Posts for tag: tmj
Don’t let jaw pain and discomfort affect your day-to-day life!
Do you notice jaw pain, particularly when eating or speaking? Do jaws feel tired or sore when first waking up? Do you often experience headaches in the morning? If so, then our Owings Mills, MD, general dentists, Drs. Herbert and Harold Mendelson, may just have the answer to why you are experiencing jaw pain.
While there are certainly some conditions or habits that are more likely to cause jaw pain, it’s important to get to the bottom of the issue to reduce the risk of pain and discomfort while eating, chewing or speaking. Your jaw pain could be due to:
Temporomandibular (TMJ) Disorder
This joint dysfunction disorder is one of the most common causes of jaw pain. Even though it isn’t always possible to be able to determine the cause of TMJ disorder, it can be the result of bad habits such as teeth grinding, structural deformities/abnormalities, a traumatic injury to the jaw joint or arthritis.
If your jaw pain is also accompanied by jaw stiffness or a popping/clicking sound when opening your mouth, then it’s time to turn to our Owings Mills dentists to find out if a TMJ disorder is to blame.
This habit can lead to jaw pain even without the presence of TMJ disorder. If you clench your jaws or grind your teeth then it seems only natural that putting all this unnecessary work on your jaws day in and day out can take a toll. Most people don’t even know that they are teeth grinders because they often do this while they are asleep.
Of course, by coming into our office every six months for routine care we can often pinpoint whether you are a teeth grinder. Fortunately, there are many ways to help eliminate this bad habit, from recommending certain stress-relieving exercises to making a custom mouthguard to wear while you sleep.
These are the two main oral causes of jaw pain; however, this doesn’t mean that there aren’t other problems that can lead to jaw problems. Sometimes sinus issues, a toothache or an abscess can also cause referral pain.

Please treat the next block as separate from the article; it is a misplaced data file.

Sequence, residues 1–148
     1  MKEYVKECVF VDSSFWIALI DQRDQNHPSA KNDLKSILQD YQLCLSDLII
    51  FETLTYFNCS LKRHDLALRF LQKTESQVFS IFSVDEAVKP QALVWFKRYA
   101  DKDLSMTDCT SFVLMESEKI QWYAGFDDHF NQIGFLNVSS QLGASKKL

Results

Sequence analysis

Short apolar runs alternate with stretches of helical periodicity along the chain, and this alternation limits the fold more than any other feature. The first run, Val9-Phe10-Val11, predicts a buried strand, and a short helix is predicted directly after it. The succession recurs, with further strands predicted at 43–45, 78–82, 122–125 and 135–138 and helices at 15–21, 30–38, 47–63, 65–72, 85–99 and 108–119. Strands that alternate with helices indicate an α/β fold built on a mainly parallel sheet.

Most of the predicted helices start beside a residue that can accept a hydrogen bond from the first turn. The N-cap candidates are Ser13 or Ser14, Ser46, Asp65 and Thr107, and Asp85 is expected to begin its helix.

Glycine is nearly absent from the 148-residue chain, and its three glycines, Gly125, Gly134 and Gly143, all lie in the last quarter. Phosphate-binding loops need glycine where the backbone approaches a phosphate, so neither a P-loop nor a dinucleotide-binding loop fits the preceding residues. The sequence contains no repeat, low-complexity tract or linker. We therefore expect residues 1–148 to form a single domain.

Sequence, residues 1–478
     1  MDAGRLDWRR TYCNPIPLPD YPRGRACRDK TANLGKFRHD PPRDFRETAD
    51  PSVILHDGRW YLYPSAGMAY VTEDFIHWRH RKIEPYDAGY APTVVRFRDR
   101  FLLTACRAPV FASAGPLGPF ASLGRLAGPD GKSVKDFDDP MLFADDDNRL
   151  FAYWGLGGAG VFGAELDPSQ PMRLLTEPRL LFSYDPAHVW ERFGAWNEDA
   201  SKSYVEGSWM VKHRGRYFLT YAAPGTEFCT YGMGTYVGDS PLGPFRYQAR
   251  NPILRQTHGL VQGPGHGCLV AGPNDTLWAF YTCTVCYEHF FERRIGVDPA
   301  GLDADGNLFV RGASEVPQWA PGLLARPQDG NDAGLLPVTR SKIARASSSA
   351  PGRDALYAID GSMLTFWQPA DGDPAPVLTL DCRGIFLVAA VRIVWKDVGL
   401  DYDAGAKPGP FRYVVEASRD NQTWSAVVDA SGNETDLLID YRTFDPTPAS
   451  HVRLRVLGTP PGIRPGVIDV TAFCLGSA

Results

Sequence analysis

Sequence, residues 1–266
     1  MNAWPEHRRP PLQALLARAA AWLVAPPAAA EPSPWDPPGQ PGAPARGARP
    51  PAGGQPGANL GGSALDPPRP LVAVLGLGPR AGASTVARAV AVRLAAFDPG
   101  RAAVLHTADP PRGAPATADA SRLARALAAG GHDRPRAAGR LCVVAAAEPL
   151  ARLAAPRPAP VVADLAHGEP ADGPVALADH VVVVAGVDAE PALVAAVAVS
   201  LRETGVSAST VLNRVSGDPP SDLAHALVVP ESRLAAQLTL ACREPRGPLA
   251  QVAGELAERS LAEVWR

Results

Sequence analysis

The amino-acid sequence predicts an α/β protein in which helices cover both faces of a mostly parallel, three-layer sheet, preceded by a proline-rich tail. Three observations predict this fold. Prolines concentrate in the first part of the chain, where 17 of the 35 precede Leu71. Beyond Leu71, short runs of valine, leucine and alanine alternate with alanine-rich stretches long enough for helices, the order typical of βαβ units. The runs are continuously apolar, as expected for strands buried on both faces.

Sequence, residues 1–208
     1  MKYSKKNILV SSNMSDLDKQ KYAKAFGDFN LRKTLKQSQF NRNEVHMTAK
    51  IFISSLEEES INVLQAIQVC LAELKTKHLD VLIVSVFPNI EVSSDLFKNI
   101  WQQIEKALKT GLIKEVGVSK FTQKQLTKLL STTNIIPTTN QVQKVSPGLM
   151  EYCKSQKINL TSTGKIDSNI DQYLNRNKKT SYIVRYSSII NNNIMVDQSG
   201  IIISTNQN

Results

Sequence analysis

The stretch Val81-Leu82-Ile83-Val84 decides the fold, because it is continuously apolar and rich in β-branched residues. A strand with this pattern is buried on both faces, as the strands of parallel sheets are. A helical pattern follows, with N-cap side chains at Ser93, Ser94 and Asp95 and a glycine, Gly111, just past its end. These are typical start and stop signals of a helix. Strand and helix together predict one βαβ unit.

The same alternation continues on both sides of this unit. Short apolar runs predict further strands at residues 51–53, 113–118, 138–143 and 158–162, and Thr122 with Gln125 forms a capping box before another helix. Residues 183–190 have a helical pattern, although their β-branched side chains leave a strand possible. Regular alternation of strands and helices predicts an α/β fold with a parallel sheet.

If you are dealing with painful, aching jaws and you can’t seem to get the problem under control then it’s time you turned to our Owings Mills, MD, dental experts at Mendelson Family Dentistry. Call our office today!
Many people suffer from problems with the temporomandibular joint (TMJ); this can result in chronic pain and severely limit the function of the jaw. Yet exactly what causes the problems, how best to treat them… and even the precise number of people affected (estimates range from 10 million to 36 million) are hotly debated topics.
There are, however, a few common threads that have emerged from a recent survey of people who suffer from temporomandibular joint disorders (TMJD). Some of them are surprising: For example, most sufferers are women of childbearing age. And two-thirds of those surveyed say they experienced three or more associated health problems along with TMJD; these include fibromyalgia, chronic fatigue syndrome, irritable bowel syndrome, rheumatoid arthritis, chronic headaches, depression, and sleep disturbances. The links between these threads aren’t yet clear.
The survey also revealed some interesting facts about treating TMJD. One of the most conservative treatments — thermal therapy (hot or cold compresses) — was found by 91% to offer the most effective relief of symptoms. By contrast, the most invasive treatmentâ??surgeryâ??was a mixed bag: A slightly higher percentage reported that surgery actually made the condition worse compared to those who said it made them better.
So what should you do if you think you may have TMJD? For starters, it’s certainly a good idea to see a dentist to rule out other conditions with similar symptoms. If you do have TMJD, treatment should always begin with some conservative therapies: moist heat or cold packs, along with over-the-counter anti-inflammatory medications if you can tolerate them. Eating a softer diet, temporarily, may also help. If you’re considering more invasive treatments, however, be sure you understand all the pros and cons — and the alternatives — before you act. And be sure to get a second opinion before surgery.
If you would like more information about temporomandibular joint disorders (TMJD), call our office for a consultation. You can learn more in the Dear Doctor magazine articles “Chronic Jaw Pain And Associated Conditions” and “Seeking Relief from TMD.”